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Bear market bull

Dean Dela Paz



Analysts looking at linear factors are predicting at least two quarters of flat or negative growth in gross domestic product (GDP). By definition that’s a recession. Where economic stimuli planned are dictated not by the markets nor the macroeconomy but by COVID-19’s manic depressive behavior, then combined with the logistics of wrangling government agencies on lockdown mode, what effects economic stimuli might have could very well be belated, or worse, too little and too late.

Our faith in our economic mangers however remains steadfast.

A recession is certain. Two consecutive quarters brings us right into the eve of 2021 between October to November. Those months are the inventory stock-up season for manufacturers and retailers in anticipation of the high-demand holidays. With the six-month period at yearend we might likely be facing an economic contraction by New Year’s Day.

In anticipation, we see certain agencies preparing to at least give the economy some breathing space through which it might inhale some life-sustaining gasps of air. We’ve heard from the economic managers that medium-scale enterprises will be prioritized since they’ve been the most afflicted by the nearly total suspension of businesses.

Repayment schedules, interest payments, rentals, annuities and amortizations, for the most part, have been suspended or recalibrated to alleviate fixed costs in income statements and current liabilities in balance sheets. The macroeconomy has been given a breather as bank reserves were kept low as were key policy rates. Never mind that low fractional reserves increase money supply.

This would otherwise be inflationary had not the rate been tempered by the global fall in oil prices and the local price freeze on essential goods.

Reserve management allowed more money for lending at lower rates to reduce debt burdens. Imagine the strings of an archer’s bow being pulled back to create potential energy before launching an arrow. The rationale being that businesses would have the wherewithal to jumpstart operations, reemploy and start catching up on stalled production.

Extending the archer metaphor, the bullseye for these pump-priming efforts would be GDP growth to counteract what contraction the pandemic inflicts.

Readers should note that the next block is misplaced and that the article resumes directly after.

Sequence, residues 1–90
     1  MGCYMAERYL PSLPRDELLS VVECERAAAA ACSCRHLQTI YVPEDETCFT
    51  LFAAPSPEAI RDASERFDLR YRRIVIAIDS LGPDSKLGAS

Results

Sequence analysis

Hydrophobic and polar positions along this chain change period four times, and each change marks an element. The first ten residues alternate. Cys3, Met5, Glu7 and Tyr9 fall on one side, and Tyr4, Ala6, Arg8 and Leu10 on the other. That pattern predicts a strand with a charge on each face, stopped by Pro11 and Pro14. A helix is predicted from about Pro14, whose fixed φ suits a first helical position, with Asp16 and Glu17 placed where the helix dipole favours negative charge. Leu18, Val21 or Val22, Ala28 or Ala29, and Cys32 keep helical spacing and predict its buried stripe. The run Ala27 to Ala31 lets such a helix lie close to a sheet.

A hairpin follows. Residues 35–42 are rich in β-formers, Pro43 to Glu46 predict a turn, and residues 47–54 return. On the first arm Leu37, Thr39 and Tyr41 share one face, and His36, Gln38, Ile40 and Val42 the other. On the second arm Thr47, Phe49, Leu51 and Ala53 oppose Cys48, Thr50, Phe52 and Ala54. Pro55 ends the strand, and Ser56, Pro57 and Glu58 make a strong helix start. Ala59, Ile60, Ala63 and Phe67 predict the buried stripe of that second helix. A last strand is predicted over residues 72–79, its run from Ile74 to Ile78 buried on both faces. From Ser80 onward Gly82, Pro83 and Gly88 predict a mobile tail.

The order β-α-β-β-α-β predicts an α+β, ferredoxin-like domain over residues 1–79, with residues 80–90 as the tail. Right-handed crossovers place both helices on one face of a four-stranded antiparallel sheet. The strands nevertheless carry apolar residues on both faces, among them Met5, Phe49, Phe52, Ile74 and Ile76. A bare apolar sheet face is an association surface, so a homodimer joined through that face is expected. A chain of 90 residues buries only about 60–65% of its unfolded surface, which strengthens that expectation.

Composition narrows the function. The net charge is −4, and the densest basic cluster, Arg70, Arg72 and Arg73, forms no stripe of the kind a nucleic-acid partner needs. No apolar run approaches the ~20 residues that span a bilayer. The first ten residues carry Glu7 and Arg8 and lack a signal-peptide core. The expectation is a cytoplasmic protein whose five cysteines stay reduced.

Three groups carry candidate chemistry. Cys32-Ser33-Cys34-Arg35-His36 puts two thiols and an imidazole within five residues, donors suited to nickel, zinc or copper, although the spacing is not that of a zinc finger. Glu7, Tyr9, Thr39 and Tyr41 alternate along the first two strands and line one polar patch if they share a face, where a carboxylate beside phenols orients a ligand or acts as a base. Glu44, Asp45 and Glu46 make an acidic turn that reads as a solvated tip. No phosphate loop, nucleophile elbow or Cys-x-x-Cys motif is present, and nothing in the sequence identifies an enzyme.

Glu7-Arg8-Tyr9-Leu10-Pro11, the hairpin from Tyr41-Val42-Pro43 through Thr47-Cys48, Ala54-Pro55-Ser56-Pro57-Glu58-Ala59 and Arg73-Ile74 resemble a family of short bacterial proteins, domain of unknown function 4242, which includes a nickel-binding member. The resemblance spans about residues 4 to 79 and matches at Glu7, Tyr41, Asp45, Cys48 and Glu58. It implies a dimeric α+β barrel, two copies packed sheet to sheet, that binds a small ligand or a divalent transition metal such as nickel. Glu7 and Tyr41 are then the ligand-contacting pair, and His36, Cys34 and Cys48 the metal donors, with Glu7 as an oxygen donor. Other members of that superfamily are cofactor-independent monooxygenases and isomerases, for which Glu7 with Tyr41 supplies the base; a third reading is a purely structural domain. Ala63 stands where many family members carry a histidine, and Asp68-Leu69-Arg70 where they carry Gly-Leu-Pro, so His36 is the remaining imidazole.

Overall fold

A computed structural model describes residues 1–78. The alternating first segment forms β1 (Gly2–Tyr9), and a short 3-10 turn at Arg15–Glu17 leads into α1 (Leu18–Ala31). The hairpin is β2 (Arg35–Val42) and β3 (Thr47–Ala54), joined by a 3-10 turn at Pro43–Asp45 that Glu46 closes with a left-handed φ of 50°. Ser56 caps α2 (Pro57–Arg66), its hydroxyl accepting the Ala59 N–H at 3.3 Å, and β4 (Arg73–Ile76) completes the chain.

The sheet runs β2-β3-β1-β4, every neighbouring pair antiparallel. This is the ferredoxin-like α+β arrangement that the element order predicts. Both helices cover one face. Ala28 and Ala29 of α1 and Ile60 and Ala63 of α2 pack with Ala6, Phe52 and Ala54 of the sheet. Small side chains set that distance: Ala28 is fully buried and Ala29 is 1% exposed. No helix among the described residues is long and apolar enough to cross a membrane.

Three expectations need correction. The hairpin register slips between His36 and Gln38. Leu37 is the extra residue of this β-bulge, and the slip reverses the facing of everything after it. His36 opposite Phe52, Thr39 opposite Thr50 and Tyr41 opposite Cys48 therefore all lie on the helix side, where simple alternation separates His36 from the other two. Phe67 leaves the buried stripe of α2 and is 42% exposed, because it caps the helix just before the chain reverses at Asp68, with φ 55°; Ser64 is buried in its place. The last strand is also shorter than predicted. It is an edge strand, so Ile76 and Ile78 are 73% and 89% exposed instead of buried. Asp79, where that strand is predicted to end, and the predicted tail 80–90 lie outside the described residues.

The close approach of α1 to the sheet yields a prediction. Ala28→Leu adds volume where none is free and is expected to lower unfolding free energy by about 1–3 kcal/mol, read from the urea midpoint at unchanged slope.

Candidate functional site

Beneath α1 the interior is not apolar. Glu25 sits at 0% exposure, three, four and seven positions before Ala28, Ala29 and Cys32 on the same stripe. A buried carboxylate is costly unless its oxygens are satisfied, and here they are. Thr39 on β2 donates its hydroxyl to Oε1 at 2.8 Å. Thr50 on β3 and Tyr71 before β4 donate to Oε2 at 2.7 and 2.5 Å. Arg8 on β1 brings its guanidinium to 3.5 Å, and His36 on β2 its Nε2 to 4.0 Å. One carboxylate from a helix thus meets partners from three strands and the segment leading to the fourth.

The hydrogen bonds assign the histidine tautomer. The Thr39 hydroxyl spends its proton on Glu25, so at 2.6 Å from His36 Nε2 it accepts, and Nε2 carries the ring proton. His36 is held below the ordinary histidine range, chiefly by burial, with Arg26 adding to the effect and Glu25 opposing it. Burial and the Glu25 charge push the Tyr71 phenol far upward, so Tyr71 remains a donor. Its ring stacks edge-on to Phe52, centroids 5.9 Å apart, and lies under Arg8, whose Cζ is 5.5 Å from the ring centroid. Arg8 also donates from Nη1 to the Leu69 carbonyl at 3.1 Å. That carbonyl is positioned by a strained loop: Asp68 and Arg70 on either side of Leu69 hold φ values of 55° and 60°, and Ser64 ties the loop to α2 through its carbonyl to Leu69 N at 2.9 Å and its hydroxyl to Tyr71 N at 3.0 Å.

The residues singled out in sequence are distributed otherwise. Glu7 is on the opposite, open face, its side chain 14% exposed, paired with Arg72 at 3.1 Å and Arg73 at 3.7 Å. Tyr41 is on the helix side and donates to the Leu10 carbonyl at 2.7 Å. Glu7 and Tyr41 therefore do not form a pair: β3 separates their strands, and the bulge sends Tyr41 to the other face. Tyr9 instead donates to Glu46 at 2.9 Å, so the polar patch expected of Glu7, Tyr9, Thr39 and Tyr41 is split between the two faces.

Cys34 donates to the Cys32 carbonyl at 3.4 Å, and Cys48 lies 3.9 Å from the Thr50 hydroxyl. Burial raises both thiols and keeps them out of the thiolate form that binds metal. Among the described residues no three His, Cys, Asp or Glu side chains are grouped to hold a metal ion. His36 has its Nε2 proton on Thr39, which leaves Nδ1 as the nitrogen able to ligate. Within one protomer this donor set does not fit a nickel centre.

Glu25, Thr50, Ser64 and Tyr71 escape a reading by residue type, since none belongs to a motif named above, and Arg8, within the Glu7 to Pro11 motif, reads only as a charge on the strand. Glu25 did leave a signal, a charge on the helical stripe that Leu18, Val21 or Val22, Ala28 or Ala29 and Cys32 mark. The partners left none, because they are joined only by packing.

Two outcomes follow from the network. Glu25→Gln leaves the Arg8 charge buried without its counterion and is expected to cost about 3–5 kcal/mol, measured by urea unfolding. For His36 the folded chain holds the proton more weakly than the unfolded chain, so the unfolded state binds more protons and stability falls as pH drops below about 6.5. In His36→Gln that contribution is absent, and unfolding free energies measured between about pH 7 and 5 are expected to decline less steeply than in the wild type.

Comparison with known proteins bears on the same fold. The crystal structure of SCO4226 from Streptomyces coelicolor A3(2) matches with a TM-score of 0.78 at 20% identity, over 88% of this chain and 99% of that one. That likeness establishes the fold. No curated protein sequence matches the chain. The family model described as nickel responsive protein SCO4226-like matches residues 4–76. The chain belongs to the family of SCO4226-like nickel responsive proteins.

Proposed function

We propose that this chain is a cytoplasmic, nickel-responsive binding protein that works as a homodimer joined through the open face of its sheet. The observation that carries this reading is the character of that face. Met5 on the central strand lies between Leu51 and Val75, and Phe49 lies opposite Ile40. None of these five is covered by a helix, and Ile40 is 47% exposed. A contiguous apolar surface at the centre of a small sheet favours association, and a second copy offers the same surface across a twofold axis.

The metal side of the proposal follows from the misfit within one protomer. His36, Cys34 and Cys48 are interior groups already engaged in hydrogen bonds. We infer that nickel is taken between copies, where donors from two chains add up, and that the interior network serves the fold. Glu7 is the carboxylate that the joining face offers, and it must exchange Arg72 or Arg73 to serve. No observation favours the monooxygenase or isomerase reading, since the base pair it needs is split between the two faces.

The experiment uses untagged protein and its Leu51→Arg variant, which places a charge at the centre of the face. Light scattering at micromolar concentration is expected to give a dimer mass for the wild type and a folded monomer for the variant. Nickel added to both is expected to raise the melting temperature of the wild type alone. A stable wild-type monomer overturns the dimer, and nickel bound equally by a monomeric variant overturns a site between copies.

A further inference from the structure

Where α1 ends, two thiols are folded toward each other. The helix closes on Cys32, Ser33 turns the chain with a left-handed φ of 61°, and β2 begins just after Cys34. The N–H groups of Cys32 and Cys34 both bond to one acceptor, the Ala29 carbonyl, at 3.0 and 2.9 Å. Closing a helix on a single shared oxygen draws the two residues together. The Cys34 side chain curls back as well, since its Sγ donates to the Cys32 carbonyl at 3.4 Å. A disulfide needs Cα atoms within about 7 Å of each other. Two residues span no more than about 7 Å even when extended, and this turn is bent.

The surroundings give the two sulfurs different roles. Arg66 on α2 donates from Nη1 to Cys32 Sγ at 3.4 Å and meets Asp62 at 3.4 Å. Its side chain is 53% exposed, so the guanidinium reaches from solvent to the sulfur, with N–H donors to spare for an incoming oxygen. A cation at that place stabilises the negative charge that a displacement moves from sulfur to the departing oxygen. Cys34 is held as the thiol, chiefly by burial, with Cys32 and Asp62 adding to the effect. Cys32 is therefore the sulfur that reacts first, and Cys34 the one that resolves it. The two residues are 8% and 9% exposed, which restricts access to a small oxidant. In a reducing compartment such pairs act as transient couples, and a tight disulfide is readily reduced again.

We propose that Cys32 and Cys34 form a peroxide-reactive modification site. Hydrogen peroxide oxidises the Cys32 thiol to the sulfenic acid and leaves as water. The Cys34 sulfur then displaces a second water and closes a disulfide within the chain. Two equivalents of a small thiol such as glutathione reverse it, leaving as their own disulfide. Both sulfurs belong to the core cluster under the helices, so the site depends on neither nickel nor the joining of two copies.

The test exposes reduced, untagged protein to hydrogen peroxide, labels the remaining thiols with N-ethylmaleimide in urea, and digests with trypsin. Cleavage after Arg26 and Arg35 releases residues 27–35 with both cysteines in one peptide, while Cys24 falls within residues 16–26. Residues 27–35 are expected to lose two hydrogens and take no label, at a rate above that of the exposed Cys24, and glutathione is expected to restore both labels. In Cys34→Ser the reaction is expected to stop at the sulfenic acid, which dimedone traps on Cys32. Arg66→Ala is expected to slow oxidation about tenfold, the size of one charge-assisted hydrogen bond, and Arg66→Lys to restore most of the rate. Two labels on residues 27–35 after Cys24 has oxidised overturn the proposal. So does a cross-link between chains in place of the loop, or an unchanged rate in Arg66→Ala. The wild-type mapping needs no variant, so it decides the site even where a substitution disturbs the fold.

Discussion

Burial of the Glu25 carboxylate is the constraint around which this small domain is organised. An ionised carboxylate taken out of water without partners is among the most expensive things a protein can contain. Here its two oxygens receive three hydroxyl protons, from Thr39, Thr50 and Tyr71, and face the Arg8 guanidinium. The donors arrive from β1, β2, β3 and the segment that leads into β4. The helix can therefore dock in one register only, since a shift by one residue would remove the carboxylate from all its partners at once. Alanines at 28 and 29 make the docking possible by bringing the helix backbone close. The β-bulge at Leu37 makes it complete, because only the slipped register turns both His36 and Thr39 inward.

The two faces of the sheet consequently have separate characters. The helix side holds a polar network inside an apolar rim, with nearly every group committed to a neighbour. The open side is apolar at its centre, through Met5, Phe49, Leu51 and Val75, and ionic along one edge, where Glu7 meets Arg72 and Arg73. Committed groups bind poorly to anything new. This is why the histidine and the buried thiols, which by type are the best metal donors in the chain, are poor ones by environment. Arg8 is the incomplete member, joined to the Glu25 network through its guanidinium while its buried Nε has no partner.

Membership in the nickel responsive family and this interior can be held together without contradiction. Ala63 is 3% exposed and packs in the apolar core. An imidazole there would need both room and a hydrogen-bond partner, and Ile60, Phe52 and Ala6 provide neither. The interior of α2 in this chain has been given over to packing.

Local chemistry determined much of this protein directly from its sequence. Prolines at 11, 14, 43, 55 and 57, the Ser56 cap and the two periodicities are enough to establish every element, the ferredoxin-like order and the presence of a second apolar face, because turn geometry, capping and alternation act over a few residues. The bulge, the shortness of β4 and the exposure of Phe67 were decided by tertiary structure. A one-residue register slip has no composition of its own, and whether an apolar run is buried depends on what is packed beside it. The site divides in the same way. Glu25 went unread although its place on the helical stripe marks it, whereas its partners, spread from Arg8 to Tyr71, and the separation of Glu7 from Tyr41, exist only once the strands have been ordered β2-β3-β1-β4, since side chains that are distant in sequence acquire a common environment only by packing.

Akin to backtracking COVID-19 to its infernal cradle in a live animal-infested wet market in Wuhan, allow us to look at the GDP drivers and using the expense method, see in which addends of the GDP formula a recession is likely to originate.

By identifying origins we can focus where efforts are critical. While stock market trades have mostly been sideways and not exactly as bearish as one might expect, in the parlance of the capital markets we need to transform a bear into a bull. This requires knowing where within its anatomy we need to do some genetic engineering.

Let us first put out there what exactly the GDP expense formula looks like. There are other formulae but this is the easiest to explain. The formula is GDP = C+I+G+(X-i).

C is consumer or household spending. I is investor spending on capital goods, these being assets that generate capital. G is government spending on goods and services, while (X-i) represents exports minus imports.

It is obvious were focus is critical. Consumer spending can fall from 7 percent to 10 percent in a pandemic. Given C is 68 percent of our GDP, that hurts.

Pandemic volatility has pushed back investments. External trade has paused where global manufacturing stalled and little are exported or imported. In fact the Purchasing Manager’s Index, a diffusion index for manufacturing productivity, fell from 52.3 to 39.7. Anything below 50 is considered a contraction.

Only government spending continues. But that’s only 21.7 percent of GDP.

Fortunately all this bearishness might be bull. History provides hope. In the last 100 years, recovery and bounce from tragic bear markets have been getting shorter as economies develop the equivalent of anti-bodies, immunities and resiliencies such as the sound fundamentals our economic mangers have long intubated into our macroeconomy.

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